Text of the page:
5 Golden Steps To Writing Your First Book
“A word after a word after a word is power.” —Margaret Atwood
1. Be Passionate About Your Topic
If you’re looking to write your first book, even the idea of typing up hundreds of pages with no true guideline is a terrifying one. Make sure that what you choose to base your book on is something that you know well, or are willing to learn greatly about. Be ready to spend countless hours researching and taking notes on your topic. Be ready to make edits upon edits and be ready to get sick and tired of the subject you choose – yet always try to remember why you’re doing it, and don’t give up.
2. Make A Guideline & Stick To It
Before you start writing, think about exactly what you want to get accomplished and what your book, as a whole, will consist of. Think of things like chapters, characters, concluding resolutions. Go back to the basics and think of rising action, climax, conflicts. Write your book in your mind and make a note of everything you want to accomplish once it’s all on paper. Use this as a map to guide you through your writing process. Any changes you make to the overall design of your book should be secondary.
3. Set A Daily Goal, Space & Time To Write
No matter how busy your schedule is, you can find time to work on your book if it’s truly what you want to do. Make yourself a schedule, even if you give yourself only an hour a day on weekdays. Follow it. Every day, sit down in front of your computer or notebook and write. It doesn’t matter if you even end up including all the pages in your book (you probably won’t) but the more you practice and let the words out, the quicker your turn around will be, and the more content you’ll have to choose from when you get to your final edits.
Be sure to set yourself a daily goal, such as: write three pages a day. Or ten or one. Then go from there. Treat your writing process as if it were your full-time job. Don’t give yourself vacation days, or if you do, schedule them beforehand and make up for the work the week later.
Consistency is key when looking to start and finish a book. You don’t need any more distractions than your own brain will already provide, so with a set guideline, time and place, you’ll at least be more likely to concentrate solely on your writing. Having said this, your bed is not an ideal spot.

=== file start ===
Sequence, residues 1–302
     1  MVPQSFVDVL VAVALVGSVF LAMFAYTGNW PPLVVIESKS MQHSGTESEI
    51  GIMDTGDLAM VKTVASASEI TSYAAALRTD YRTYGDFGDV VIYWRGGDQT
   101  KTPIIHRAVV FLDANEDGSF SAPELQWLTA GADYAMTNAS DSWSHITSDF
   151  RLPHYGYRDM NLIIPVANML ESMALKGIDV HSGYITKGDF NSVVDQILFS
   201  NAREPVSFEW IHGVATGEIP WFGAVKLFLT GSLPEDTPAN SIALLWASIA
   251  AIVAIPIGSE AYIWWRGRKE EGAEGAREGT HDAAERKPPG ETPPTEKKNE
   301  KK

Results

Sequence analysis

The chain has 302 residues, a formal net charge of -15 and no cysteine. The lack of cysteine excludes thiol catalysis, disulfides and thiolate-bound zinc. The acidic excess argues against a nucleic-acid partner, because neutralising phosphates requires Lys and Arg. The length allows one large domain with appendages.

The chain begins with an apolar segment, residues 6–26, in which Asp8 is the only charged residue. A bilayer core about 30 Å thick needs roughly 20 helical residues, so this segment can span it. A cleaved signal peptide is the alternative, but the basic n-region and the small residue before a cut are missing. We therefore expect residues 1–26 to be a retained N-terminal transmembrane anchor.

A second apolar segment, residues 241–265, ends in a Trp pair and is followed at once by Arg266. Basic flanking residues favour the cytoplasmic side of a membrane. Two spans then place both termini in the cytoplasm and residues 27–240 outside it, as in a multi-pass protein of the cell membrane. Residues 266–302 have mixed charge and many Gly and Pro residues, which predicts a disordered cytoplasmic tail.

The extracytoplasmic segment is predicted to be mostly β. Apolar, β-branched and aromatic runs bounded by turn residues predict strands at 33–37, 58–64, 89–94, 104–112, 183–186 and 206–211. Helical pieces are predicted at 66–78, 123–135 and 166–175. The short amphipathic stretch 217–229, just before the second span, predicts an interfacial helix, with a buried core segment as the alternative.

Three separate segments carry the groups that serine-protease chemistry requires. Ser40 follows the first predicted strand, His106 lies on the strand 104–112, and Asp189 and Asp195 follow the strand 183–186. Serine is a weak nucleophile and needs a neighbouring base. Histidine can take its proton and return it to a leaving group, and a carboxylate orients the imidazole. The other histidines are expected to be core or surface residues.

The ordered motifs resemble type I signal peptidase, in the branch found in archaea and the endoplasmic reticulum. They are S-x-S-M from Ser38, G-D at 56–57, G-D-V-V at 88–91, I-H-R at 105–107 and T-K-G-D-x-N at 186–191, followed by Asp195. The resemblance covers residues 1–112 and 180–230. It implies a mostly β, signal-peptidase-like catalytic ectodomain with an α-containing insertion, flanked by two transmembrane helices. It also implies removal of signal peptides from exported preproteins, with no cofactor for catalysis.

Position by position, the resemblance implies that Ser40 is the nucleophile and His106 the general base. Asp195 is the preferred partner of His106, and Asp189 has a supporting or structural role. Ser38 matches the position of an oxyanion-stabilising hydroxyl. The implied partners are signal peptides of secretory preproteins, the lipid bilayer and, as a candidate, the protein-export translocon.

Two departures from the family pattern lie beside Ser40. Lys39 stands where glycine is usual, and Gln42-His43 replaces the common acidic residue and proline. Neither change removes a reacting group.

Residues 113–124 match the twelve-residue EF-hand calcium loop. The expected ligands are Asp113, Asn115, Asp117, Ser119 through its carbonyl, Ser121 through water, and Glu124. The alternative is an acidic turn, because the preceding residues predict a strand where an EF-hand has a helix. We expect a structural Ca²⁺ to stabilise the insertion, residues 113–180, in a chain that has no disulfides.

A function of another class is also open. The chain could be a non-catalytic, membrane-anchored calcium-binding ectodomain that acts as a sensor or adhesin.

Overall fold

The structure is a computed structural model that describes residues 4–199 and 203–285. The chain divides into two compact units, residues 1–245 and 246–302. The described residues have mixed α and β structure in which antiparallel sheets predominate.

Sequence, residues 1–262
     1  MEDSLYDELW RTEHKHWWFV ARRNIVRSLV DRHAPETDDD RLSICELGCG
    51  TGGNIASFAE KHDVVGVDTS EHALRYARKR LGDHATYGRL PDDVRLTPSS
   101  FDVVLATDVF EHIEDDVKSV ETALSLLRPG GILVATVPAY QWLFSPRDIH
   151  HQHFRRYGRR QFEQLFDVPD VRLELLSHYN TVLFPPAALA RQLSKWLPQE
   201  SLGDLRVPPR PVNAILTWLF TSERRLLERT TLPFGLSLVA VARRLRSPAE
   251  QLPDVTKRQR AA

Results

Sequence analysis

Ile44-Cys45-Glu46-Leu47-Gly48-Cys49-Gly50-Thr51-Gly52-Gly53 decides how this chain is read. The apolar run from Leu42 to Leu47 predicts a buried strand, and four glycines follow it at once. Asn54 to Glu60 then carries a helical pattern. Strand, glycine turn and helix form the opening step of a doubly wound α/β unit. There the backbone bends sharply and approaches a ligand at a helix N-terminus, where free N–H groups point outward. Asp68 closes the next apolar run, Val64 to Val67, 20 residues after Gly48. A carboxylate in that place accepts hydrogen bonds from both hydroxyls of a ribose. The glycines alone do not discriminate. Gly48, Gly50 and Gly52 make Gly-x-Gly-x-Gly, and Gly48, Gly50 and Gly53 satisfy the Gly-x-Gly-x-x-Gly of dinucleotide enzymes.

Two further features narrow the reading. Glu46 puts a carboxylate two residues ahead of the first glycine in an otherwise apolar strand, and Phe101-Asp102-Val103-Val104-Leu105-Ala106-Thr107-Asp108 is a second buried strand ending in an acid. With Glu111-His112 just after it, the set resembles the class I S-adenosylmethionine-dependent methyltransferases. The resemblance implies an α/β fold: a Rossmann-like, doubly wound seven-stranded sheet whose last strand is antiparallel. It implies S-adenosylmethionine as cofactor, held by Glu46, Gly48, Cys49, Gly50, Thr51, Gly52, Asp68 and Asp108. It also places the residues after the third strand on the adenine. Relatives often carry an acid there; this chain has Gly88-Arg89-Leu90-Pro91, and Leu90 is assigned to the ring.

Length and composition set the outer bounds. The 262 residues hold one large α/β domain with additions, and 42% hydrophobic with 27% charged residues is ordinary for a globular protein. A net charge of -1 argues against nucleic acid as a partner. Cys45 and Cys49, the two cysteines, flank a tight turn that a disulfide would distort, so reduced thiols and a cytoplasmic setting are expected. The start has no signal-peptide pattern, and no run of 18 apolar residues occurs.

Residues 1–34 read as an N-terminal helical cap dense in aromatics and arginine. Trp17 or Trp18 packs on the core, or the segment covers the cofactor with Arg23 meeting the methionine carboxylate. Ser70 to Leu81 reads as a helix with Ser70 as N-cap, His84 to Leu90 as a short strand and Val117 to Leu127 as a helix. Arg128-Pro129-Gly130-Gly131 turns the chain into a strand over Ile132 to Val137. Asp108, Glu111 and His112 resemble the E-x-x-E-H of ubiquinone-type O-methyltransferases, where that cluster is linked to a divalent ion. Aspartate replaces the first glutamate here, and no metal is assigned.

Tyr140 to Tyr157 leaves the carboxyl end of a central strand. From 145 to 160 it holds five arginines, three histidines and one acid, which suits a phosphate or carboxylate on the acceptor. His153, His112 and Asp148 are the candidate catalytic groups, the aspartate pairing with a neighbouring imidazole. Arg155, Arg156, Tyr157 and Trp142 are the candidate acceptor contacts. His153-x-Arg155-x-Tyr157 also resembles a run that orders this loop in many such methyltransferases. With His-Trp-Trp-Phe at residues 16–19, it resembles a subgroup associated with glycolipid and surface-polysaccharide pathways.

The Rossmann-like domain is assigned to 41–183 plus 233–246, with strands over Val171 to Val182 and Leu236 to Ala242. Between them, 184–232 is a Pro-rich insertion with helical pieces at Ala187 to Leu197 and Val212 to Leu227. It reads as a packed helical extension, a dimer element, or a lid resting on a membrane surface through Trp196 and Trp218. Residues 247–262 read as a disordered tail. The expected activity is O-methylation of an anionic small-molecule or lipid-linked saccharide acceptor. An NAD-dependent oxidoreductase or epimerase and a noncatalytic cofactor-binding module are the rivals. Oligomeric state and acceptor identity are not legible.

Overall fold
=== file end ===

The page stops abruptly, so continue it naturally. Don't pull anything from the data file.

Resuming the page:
4. Show Your Drafts To Someone
We know, you’re a writer, this is terrifying, but be confident and try to get feedback early. Even if the people you show it to aren’t as interested in your subject or don’t have professional writing skills or probably won’t give you key literary advice, show it to them anyway – but throw some editors and writers in the mix too. You have to be ready to face criticism and commentary from people once you eventually finish and publish your work; and while you are the writer, you need to let yourself be open to more than one point of view before you set the entire mood and style of your book. Embrace different ideas and be ready to make changes. A draft is only the beginning.
5. Don’t Quit
Everything in life has to come to an end sometime, and even if book writing is just your hobby, you will never make yourself finish if you don’t treat it like an assignment and give yourself a deadline. An absurd amount of books in the world go unpublished and unread simply because the author decided to quit halfway through.
Realize that maybe over the process of writing your book you’ll start to feel that you’ve lost interest in the subject. You may feel like you’ve gotten busier at work or are trying to focus more on your family. Whatever the cause is, whenever you feel like quitting, try to remember what motivated you to start in the first place. Even if you don’t end up publishing your work, (though you should certainly try) give yourself the satisfaction of saying “I’m done, I did it.”
Yours is the only validation you need anyway.